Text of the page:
When I was younger, I came across a tutorial that described a simple way to make thermite entirely from homemade ingredients. The crux of the instructions was that iron oxide, the key ingredient in thermite from which molten iron is created, can be isolated from common sand simply by repeatedly dragging a magnet through a container full of it. At the time, my family happened to live near a beach, and so I resolved to gather as much iron oxide as possible and test out the recipe.
In order to collect the iron oxide, I would drag a bag full of magnets behind me every time I went to the beach. After about two weeks of regular collection missions, I obtained enough iron oxide in the form of magnetite (a black, crystalline solid) that I was able to successfully synthesize thermite, using a recipe I’ve described in previous post.
I eventually moved on to using purified, store-bought reagents for safer reactions, but I still had a large amount of magnetite leftover. Eventually another use of it occurred to me when I read this tutorial, which outlines the unusual properties of a ferrofluid, or magnetic liquid. Ferrofluids consist of ordinary solvents, like gasoline or acetone, that have been mixed with a high concentration of nanoscopic iron particles. The tiny bits of iron essentially act as bar magnets, and so they align in unison with an applied magnetic field just as the magnetic needles of a collection of compasses would. But because the iron particles are so small, Brownian motion (the “mixing” that constantly occurs in liquids due to the chaotic thermal motion of their constituent particles) keeps them suspended within the fluid. As a result, the liquid can shift from behaving like the solvent in the absence of the applied field to behaving as a solid when a magnet is brought near the liquid.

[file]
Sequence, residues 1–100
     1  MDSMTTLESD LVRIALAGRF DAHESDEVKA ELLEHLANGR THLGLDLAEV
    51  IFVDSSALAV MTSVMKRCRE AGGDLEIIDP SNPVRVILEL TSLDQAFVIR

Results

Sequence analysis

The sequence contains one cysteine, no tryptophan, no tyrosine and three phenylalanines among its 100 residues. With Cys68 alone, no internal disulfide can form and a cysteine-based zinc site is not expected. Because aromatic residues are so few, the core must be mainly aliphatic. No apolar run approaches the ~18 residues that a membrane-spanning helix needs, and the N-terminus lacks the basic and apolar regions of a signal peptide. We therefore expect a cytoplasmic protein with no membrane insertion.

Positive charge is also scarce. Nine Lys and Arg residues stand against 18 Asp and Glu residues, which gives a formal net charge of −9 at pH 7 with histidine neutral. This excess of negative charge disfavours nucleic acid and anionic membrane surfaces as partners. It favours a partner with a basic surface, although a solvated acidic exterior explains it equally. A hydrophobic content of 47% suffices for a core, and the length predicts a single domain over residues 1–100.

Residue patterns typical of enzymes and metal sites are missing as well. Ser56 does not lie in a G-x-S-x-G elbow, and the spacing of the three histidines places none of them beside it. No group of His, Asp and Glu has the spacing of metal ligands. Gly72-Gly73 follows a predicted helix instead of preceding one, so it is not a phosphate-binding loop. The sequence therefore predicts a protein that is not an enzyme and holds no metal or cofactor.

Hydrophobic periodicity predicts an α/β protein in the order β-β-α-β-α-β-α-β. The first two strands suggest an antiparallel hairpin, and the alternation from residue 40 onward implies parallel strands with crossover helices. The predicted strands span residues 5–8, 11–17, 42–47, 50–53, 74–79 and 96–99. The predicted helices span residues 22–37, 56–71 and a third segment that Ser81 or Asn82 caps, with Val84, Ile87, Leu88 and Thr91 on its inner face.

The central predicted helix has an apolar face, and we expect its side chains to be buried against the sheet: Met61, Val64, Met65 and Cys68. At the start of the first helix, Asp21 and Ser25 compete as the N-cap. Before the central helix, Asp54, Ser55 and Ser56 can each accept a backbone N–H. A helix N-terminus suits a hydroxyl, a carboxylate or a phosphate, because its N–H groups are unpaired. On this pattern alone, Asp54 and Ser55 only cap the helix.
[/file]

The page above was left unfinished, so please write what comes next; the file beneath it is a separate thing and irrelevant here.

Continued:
I managed to make a very rough ferrofluid by finely grinding up my leftover magnetite and then using the recipe found on this website. The store-bought ferrofluid used in the video at the top of this post was made using precise industrial methods, and so it naturally behaves in a much more elegant manner because the iron particles inside it are much more uniform. But my ferrofluid still exhibits two key behaviors of ferrofluids: it solidifies in response to an applied field, and it tends to form small, clumped structures rather than a single lump:
The erratic behavior of the ferrofluid can be seen as a simple type of phase transition, in which a system subjected to a smoothly varying stimulus (the proximity of the magnet to the fluid) undergoes a discontinuous change in behavior (the sudden appearance of peaks and lumps in the fluid). Phase transitions are crucial in biological systems in which many autonomous parts (like blood cells or the individual members of a school of fish) must behave as a collective entity for mutual benefits. In the ferrofluid example, the mutual benefit is energetic efficiency—the fluid tends to arrange itself in such a way as to minimize its internal energy. The individual particles of iron are initially independent and diffuse freely through the solvent, but when the external field is applied it becomes energetically favorable for the particles of iron to align and congeal into collective aggregates. In the first video, when the magnet is far from the fluid, large lumps tend to form that have well-defined peaks and arrangements. But when the magnet is brought much closer, these peaks tend to disassemble into many small, hairlike filaments because such structures contain less internal energy. The reason for this behavior is that the energy of the fluid is mostly stored in its surface tension–the collective attractions between different magnetized iron particles on the surface of the liquid hold energy in the same manner as distended springs. When the magnet is brought much closer to the liquid, it becomes necessary for the system to offset the excess energy by further increasing its surface area, resulting in a greater number of small structures.